Other types of objects can inflict ill fortune. Maybe you craft some sort of “hex bag” and hide it in the target’s house or under their bed, or bury it under their front step. Or you bury it along a road or path you know they’ll travel, and when they cross over it, the curse will attach to them. Subtle, hidden curses of that sort are intended to be more difficult to detect and counter. On the other hand, sometimes lack of subtlety is the point: the Indigenous Australian bone-pointing practice is a very public delivery of a death curse. The Germanic “nithing pole” or niðstang involves cutting off the head of a horse and sticking it on the end of a rune-carved pole, facing toward your enemy’s house — which amounts to a neon sign announcing you wish your target ill, at least if you put the pole anywhere visible. (And in getting the Wikipedia links, I am weirdly charmed to find that some Indigenous Australians performed the bone-pointing ritual against their prime minister in 2004, and Icelanders stuck cod heads on poles in 2016 to protest their prime minister. Anyone who thinks such things are confined to the past is wrong.)
Curses can also be set up such that certain actions will trigger them, as with the protective spells sometimes placed on Egyptian tombs by priests seeking to deter grave robbers. Stealing precious objects from religious sites is in general a route to misfortune, for obvious reasons: angering a deity is rarely a good idea. Book thieves have been threatened since the days of Ashurbanipal; medieval European scribes warned them of a variety of punishments, ranging from mortal measures (excommunication, execution) to divine intervention (damnation). Breaking an oath may leave the traitor accursed in one fashion or another, which is sometimes laid out explicitly in the oath itself. People may place curses with their dying breaths, or the simple fact of their death may lay the curse — especially if the victim was the killer’s kin, such acts being deeply taboo in many cultures (cf Cain and the Greek notion of the Furies).
As with good-luck charms, there’s a psychological effect in play. The nocebo response is real; it’s the opposite of a placebo, making negative outcomes or side effects more common if you expect them. Knowing someone has cursed you may have all kinds of effects, ranging from depressing your immune system to making you more accident-prone to drawing your attention toward the bad things that happen to you, causing you to see a pattern in them where another person might see random chance. Performing a curse against someone reinforces your dislike of or opposition, which may encourage you to take other actions against them, or rally other people to your side. So even in stories not built around the assumption that things like curses have metaphysical force, the idea may still show up, because it still carries very real social weight.
Some words resonate far more than their user intends. “Nevertheless, she persisted,” did that with me. I live on the other side of the world from the US, but I live in a capital city and I’ve seen those attitudes over and over again. I wanted to say “Nevertheless, he persisted” in silencing, but I found myself thinking about just how common that type of silencing is and how many of us have seen those words and heard our own lives being echoed.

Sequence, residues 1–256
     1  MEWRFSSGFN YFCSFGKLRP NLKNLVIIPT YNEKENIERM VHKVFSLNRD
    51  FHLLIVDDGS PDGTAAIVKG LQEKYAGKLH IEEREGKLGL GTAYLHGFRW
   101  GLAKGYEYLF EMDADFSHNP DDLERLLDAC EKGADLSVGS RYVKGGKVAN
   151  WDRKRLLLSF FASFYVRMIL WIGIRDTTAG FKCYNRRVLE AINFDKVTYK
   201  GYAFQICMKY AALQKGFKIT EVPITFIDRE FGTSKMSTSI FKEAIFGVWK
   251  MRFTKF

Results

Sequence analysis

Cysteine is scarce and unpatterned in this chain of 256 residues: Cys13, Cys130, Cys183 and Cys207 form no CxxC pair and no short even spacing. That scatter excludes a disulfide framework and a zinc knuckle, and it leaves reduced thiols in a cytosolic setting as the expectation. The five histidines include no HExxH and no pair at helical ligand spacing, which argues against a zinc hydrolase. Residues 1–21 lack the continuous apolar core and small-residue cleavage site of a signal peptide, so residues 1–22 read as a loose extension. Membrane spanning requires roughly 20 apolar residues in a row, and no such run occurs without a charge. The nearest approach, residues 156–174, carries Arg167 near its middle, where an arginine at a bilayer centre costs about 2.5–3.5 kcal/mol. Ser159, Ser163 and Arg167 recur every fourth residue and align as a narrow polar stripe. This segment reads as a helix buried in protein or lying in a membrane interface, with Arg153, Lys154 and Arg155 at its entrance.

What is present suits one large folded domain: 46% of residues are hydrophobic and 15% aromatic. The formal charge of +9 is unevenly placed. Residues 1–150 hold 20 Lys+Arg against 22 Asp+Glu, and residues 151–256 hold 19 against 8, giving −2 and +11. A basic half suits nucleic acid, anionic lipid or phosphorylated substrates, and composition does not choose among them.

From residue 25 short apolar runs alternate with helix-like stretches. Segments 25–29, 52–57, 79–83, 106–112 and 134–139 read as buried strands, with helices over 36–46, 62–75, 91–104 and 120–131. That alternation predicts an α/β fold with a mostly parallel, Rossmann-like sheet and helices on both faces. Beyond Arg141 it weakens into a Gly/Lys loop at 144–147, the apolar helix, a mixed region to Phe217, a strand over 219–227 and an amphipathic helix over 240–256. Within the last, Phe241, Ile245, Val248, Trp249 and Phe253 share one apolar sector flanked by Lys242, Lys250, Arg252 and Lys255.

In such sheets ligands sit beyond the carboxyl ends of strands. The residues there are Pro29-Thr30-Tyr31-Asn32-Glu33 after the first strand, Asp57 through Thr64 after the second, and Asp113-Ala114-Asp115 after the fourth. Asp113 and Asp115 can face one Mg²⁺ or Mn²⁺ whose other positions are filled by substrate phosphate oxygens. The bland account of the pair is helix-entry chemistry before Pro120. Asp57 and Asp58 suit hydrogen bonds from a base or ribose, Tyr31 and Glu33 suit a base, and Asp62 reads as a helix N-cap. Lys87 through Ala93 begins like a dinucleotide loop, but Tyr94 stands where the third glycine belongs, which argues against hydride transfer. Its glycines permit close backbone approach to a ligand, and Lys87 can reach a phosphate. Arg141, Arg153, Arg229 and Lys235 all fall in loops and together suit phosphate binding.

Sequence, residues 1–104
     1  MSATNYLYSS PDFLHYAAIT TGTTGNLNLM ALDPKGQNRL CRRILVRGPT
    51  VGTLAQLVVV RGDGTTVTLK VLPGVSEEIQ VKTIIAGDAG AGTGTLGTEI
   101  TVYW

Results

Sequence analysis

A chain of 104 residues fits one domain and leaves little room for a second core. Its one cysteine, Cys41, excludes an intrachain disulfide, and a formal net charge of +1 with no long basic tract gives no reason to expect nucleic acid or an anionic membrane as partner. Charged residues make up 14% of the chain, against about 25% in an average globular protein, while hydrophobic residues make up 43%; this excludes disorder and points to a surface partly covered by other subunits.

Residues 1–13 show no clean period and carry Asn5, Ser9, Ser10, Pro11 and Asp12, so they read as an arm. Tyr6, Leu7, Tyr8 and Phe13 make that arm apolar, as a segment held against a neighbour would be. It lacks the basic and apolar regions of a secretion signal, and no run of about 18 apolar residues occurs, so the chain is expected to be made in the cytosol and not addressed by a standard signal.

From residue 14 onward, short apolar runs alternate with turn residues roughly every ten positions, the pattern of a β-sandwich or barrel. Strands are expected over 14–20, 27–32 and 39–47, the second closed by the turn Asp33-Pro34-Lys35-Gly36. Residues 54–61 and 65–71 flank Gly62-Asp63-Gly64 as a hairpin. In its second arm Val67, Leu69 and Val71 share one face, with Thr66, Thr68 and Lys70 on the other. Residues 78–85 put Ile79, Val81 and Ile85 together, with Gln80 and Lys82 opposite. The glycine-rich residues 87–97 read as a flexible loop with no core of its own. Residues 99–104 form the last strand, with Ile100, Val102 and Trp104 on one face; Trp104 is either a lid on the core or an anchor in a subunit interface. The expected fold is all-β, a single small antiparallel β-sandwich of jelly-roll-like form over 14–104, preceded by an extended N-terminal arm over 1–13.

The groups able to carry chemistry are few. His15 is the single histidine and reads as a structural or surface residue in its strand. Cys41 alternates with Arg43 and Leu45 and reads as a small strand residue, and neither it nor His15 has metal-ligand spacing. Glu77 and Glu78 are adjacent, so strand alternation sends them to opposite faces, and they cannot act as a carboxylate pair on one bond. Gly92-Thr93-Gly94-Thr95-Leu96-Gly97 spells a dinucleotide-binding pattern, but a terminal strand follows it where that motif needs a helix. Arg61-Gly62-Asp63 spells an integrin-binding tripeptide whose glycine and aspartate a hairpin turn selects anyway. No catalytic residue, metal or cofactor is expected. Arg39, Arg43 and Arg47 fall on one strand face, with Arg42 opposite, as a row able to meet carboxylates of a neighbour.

My story in Mindy Klasky’s wonderful volume is about those lives. Small lives that have been stepped on and rubbed out and ignored and whose owners nevertheless persist.
It always, always hurts that the owners of the loud voices who try to silence us do it by not hearing why we say things. They don’t care for who we are. They just want to make us behave in whatever way they’ve decided we should, before they meet us. I don’t know many women who are good at this. I know far more women who are individual and strong and often sarcastic.
My fiction is usually about the lives of women who are individual and strong and often sarcastic. I suspect this is my way of persisting.
My way of annoying those who tell us all to behave, to be silent, to not be ourselves is to let them know what they’re missing. Wildlife that isn’t what you think it will be, roads that misbehave, gates that lead somewhere special. This is my Australia. One day I might write a novel set there, in a special house near a place called Robertson where the wildlife is not what it ought to be. I’ve pictures for that exploration and some very strange stories. My house needs someone to manage it, and “After Eden” is the story of the job interview and how two very individual and often sarcastic women found themselves travelling in strange lands in pursuit of that job.
I can’t give you pictures of my women who persisted, but I’m littering this post with photographs of some of the countryside they drove through as part of their persistence. I went through the first half of it myself, with a group of students to Edrom. From Canberra to Edrom and back, but we failed to see a platypus at Bombala. From Moss Vale to Robertson, I was on a bus to see an opera about mice. After the performance, the singers turned into vampires. The reality of Australia is often as odd as our stories.
The adolescent guineas and pheasants in the shed get meal worms as a treat. Meal worms are the BEST, according to them. The internet says that pheasants are wild and won't tame down, but apparently these sites don't know about meal worms. Anyways, today I picked up the bucket where they are stored, and one of the guineas was so excited that she Flew At Me, hit my chest, bounced off and ran away.
Abbie had a couple of good sprints down to the barn and back.
Today I saw:
A hummingbird feeding off the cannas
A Monarch butterfly
A female cardinal
A woodpecker (I just heard this)